Affluence is no shield against racial or ethnic discrimination, say Asians and Indian-Americans in new poll

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Even though Indian-Americans are possibly the highest-earning group in this country, a latest survey shows they are far from immune from discriminatory treatment on several fronts in their lives. While many surveys have explored Americans’ beliefs about discrimination, this survey which includes more than 500 Indian-Americans, and conducted by Harvard, asks people about their own personal experiences with discrimination.

Some interesting observations have surfaced on housing and alleged police discrimination of Indian-Americans on the sidelines of a larger survey of 3,453 people, on employment and housing discrimination. The report on Asian-Americans brought out Dec. 4, about which News India Times spoke to the co-director of the study at Harvard University, is part of a series, “Discrimination in America” done for the Harvard School of Public Health as well as the Robert Wood Johnson Foundation, and National Public Radio. The report on Asian-Americans brought out Dec. 4, about which News India Times spoke to the co-director of the study at Harvard University, is part of a series, “Discrimination in America” done for the Harvard School of Public Health as well as the Robert Wood Johnson Foundation, and National Public Radio and is based on a nationwide random sample of 3,453 Americans. The poll was conducted between Jan. 26 and April 9.

Indian-Americans

Overall, at least one in four, or a quarter if not more, of Asian-Americans in the survey said they had felt discrimination in housing and employment.

Nevertheless, Indian-Americans are more likely (33 percent) than both Chinese-Americans (16 percent) and Southeast Asian-Americans (11 percent) to say they live in a predominantly upper income area.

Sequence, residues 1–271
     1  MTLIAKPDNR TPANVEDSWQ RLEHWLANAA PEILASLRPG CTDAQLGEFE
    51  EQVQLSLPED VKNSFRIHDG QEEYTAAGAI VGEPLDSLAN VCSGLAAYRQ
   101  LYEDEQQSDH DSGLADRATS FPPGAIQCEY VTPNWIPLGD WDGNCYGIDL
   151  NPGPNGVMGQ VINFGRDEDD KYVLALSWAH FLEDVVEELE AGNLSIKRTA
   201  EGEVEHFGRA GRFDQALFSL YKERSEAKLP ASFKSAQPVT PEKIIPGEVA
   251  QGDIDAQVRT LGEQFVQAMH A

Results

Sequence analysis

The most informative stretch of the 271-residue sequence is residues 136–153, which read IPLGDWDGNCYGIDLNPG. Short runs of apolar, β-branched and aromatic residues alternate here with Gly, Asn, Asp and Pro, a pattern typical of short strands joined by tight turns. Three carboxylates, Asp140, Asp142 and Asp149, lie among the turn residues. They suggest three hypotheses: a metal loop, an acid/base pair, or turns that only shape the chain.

At the same time, Indian-Americans are much more likely than Chinese-Americans to report unfair police treatment. When asked whether they believe they or a family member had experienced unfair treatment by the police or by the court system because they are Asian, Indian-Americans are significantly more likely (17 percent) than Chinese-Americans (2 percent) to say they or a family member have been unfairly stopped or treated by the police because they are Asian (see Chart 2).

“The income issue, is the really big finding,” survey co-director Robert Blendon of Harvard, told News India Times. Blendon, who is the Richard L. Menschel Professor of Health Policy and Political Analysis at Harvard T.H. Chan School of Public Health, explained why. “That’s because of the whole idea that you work your way through the American system, get yourself a great education, get high paying jobs or build businesses, and you think the problems of discrimination will go away. … But they don’t.”

This includes housing issues. “When it comes to discrimination, I expect that if I live in a different neighborhood, I will have a different life. And I don’t,” Blendon said emphasizing each word to make the stark contrast.